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Learn to say "I don't give out my e-mail address"

You know the drill - you go to pay for something at a retail store and they ask for your phone number or zip code or e-mail address.  They ask the question like it is the most natural thing in the world.  They imply that your transaction won't happen unless you provide this information.  They expect that you won't question their motives and won't engage in anything confrontational related to their question.

It is getting worse; I don't know if there was a national memo to all the retailers of America but when I was shopping in the Plaza in Kansas City a store clerk asked for an entire profile before you got to give them money for the sale - full name, address, e-mail and phone number.  I heard my friend reply with all of this information and it was everything I could do to not yell "stop giving away your privacy".  I was up next.

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Protect your inbox

E-mail has evolved to the point of being able to be your free secretary.  Yet, it is easy to view it as one size fits all.  I think this happens because no one tells you how to manage your e-mail (other than when you've exceeded capacity).  

Today, I'm going to share a theme that will be a common denominator for my blogs on time management.  "Protect your time."  

There are more blogs and books for how to manage your e-mail than minutes of the day.  To stay true to my theme of "Protect your time" I am asking you today to "Protect your inbox".

If you opened your inbox right now (because it should be closed so you can get work done), there are likely several e-mails that include addressees of more than just you.  Examples are newsletters, listservs, advertisements, promotions, blog notices, Facebook notices - you get the picture.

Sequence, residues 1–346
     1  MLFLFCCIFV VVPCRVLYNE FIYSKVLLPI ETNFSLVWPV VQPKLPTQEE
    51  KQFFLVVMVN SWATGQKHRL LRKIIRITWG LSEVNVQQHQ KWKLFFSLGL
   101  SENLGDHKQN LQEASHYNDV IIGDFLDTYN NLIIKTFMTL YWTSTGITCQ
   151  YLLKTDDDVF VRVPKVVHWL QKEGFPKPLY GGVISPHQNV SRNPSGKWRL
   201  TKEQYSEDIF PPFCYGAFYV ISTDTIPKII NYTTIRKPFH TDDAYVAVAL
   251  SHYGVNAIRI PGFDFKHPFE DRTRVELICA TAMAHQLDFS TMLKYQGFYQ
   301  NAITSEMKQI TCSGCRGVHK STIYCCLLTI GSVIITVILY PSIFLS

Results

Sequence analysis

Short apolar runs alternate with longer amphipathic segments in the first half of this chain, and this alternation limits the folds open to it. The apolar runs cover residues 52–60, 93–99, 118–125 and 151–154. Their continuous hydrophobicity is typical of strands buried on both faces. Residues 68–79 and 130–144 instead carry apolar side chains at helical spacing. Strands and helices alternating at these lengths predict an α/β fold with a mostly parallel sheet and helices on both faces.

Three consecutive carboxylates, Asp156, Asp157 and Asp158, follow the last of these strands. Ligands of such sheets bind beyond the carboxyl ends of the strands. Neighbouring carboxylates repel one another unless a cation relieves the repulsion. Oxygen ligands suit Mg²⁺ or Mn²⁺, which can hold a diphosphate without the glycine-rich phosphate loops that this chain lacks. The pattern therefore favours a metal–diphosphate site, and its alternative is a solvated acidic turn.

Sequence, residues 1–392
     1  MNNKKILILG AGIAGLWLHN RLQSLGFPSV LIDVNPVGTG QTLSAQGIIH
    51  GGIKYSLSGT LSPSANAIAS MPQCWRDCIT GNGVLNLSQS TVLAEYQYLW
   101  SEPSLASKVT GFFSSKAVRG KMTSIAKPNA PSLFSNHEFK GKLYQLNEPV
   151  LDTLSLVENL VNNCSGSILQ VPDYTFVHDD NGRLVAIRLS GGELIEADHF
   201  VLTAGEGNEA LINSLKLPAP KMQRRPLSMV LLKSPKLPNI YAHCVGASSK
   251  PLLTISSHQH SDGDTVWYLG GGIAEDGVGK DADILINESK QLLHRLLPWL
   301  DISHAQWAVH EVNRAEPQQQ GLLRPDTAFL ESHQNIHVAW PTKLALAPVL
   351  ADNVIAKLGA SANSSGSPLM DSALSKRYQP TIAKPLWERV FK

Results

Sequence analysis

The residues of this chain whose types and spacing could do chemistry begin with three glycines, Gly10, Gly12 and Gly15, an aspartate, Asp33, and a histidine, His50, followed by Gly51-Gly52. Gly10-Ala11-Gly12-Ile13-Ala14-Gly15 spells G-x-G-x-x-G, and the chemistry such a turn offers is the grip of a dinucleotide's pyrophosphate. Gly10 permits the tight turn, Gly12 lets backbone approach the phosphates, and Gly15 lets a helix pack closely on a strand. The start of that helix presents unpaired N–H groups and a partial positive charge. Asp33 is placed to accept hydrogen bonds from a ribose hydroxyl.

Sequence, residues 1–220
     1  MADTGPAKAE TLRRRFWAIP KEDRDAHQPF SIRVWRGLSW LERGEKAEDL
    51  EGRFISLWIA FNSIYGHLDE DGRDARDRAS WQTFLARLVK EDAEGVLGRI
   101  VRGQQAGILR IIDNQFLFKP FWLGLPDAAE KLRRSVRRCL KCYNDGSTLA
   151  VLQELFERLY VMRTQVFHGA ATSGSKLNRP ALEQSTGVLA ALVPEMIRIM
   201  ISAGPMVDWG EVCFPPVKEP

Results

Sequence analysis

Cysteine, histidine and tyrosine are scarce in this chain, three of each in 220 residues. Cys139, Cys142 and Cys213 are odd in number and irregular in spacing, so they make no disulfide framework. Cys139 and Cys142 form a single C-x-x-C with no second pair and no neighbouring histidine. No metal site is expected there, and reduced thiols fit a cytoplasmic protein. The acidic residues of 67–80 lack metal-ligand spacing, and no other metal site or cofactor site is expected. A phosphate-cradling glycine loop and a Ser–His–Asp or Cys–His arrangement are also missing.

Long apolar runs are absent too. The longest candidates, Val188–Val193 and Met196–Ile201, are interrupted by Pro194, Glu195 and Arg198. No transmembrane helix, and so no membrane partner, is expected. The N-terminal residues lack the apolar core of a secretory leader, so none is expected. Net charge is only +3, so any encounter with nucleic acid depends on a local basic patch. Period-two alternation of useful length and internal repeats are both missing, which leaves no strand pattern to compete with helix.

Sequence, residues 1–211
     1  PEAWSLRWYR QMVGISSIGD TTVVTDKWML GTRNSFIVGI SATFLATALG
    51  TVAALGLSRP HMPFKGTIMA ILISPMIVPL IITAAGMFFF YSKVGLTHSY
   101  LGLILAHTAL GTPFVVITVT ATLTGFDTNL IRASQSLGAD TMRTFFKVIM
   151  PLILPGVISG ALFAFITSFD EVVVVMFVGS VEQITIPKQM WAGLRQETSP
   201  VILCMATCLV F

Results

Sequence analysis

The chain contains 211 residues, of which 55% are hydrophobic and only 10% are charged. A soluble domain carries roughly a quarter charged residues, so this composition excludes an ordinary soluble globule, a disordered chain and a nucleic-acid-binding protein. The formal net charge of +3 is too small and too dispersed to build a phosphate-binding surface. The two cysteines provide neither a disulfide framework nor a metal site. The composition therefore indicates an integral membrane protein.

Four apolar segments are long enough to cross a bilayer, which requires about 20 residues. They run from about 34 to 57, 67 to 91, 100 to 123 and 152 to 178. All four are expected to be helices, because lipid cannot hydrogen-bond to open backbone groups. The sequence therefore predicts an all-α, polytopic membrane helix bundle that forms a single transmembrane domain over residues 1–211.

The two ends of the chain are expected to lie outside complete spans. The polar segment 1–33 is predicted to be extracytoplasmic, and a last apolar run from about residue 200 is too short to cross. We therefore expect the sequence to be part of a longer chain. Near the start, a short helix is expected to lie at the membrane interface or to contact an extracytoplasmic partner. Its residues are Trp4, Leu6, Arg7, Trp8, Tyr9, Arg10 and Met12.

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Why it's a bad idea to always have your e-mail open

It's the end of the day.  You look at your to-do list.  It looks the same as the beginning of the day. How can that be the case when you worked your tail off all day?  And you recorded billable time so its apparent you were doing focused work.  

A common cause to the untamed to-do list is being in response mode.  An easy way to fall prey to that is to be ready, willing, and able to respond to e-mail at any given time of your office hours.  There is certainly a reason for doing this; it shows people (clients, other attorneys, the managing partner) that you provide good service, you respond quickly and are available when they need you.

The biggest trade-off I see with this is that you can rarely advance your cases by using e-mail as your vehicle for accomplishing the goals for your client.  Even if you are providing answers, updates, or counseling it will mean little in the long run if you aren't moving closer to the closing the case.

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Hope WoodE-mail, Priorities